My priority now is sorting out my Spanish.
As for verbing nouns, is it true that "to train" in the sense of travelling by rail, not in the usual sense of getting fit or mastering a sport, has become a "thing"?
Bussing has been around for many years. Although the backpackers travel in a bus, the word acquires another 's' for bussed or bussing. In fact the trip from Sydney to Broken Hill is long but 'bussable'
Sorry 'bout that, but I've heard it said.
Travel! Set out and head for pastures new[br] Life tastes the richer when you’ve road worn feet.[br]Ibn Battuta[br]
Bussing became a common verb in the United States beginning in the 1960's when it referred exclusively to taking children from underprivileged neighbourhoods to other schools in better areas, nearly always a trip that was not considered walking distance. In the United States at least, it still seems to refer mostly to transporting people for administrative reasons, such as bussing prisoners or refugees to a different place. It is something that is done to you rather than being your personal choice.
Busing in rural US use was a very common verb in the late forties and fifties as many rural schools were closed and schools were "consolidated" requiring the busing of children to a new location and, many times, a brand new school with all sorts of conveniences their rural, often one room schools, did not have.
I think that has pretty much fallen out of use, but I remember reading it often when I was a kid and wondering "why don't they just say 'kissing'?" I had the impression, though, that bussing just happened on the cheeks and never on the lips because it was something that maiden aunts did.
I was doing a crossword puzzle the other day and the word 'bus' was the answer to setting the table. I got it because of the term 'busboy', which I think is US usage. I also thought the driving of kids to schools was spelled busing, and I just corroborated that on Wikipedia.
oh, that is interesting, that "bussing" used to also mean "kissing" - as in german, there is the word "bussi" meaning a kiss (but yeah, usually one on the cheeks or with puckered lips, not a passionate lover's kiss) ...
!!! I knew the old-fashioned word buss for kiss, and did always assume it was little kisses, such as you'd get from a relative or maybe between shy sweethearts. But I never made the connection between buss and beso until I read what Questa wrote. Interesting that a similar word exists in French and in German. Just looked it up and the Latin for a kiss is basium, and the infinitive is basiare.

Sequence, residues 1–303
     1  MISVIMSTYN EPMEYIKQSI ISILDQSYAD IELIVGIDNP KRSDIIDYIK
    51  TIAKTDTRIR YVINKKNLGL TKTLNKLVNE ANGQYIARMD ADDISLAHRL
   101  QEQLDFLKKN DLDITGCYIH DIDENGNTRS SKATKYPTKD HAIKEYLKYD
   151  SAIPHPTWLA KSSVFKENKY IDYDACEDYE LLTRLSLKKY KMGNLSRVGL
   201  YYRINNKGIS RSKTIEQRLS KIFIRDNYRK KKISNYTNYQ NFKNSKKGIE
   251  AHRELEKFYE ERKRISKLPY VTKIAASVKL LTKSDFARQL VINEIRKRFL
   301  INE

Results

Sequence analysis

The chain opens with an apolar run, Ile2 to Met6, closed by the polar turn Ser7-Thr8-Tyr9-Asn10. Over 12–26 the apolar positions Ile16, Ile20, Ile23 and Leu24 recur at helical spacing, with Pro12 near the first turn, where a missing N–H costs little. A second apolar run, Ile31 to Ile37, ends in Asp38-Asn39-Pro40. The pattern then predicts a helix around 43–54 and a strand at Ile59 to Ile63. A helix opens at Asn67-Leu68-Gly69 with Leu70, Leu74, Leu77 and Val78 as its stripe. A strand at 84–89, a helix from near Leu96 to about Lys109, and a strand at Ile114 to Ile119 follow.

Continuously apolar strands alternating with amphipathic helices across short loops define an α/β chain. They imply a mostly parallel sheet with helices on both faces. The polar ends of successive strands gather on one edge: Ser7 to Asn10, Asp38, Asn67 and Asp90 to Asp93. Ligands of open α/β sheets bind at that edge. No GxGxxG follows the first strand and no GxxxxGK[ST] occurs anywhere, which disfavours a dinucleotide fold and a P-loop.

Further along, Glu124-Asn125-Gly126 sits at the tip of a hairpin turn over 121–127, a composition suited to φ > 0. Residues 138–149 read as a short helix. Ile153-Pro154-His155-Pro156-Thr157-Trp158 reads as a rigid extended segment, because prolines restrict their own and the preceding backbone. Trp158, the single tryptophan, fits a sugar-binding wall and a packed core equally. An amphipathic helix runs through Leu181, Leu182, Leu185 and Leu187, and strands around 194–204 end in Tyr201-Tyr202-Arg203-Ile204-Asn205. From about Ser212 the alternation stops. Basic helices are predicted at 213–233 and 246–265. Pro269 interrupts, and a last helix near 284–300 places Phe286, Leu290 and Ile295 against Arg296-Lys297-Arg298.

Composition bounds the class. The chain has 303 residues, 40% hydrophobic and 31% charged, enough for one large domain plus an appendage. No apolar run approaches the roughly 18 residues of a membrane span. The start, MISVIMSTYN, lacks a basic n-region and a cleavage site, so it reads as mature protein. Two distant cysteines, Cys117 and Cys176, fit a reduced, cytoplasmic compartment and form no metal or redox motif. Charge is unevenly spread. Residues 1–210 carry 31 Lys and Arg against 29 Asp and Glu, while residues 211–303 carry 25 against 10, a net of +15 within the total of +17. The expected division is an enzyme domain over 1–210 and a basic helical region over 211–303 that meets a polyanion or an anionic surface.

I also thought the driving of kids to schools was spelled busing, and I just corroborated that on Wikipedia.
I know that is true, but I have pretty much accepted that just about everybody writes "bussing" now in informal usage, although it pains me a little. I guess they want to make sure that it won't rhyme with using, amusing, abusing... It seems like a logical evolution of the language. However, it riles me when people write "busses" instead of "buses." I guess I am not a fully logical person.
But it also means following an exercise routine! And of course bussing (other than kissing) can refet either to what buspersons (restaurants) do, and to travel by bus. Bussing also referred to the practice of sending Black and other POC pupils to more "privileged" predominantly White schools, especially in the US. I don't know whether that is still a "thing".
As for training, we had a marathon yesterday. As usual, East Africans took most of the medals, but there was also a Moroccan this time.
To train really annoys me. Don't know why. On the subject of préposition we have some weird locations for them in some places in Belgium. Like. C'est mes tartines pour moi manger avec ce soir. Not french at all. My English teacher used it to teach us some English grammar.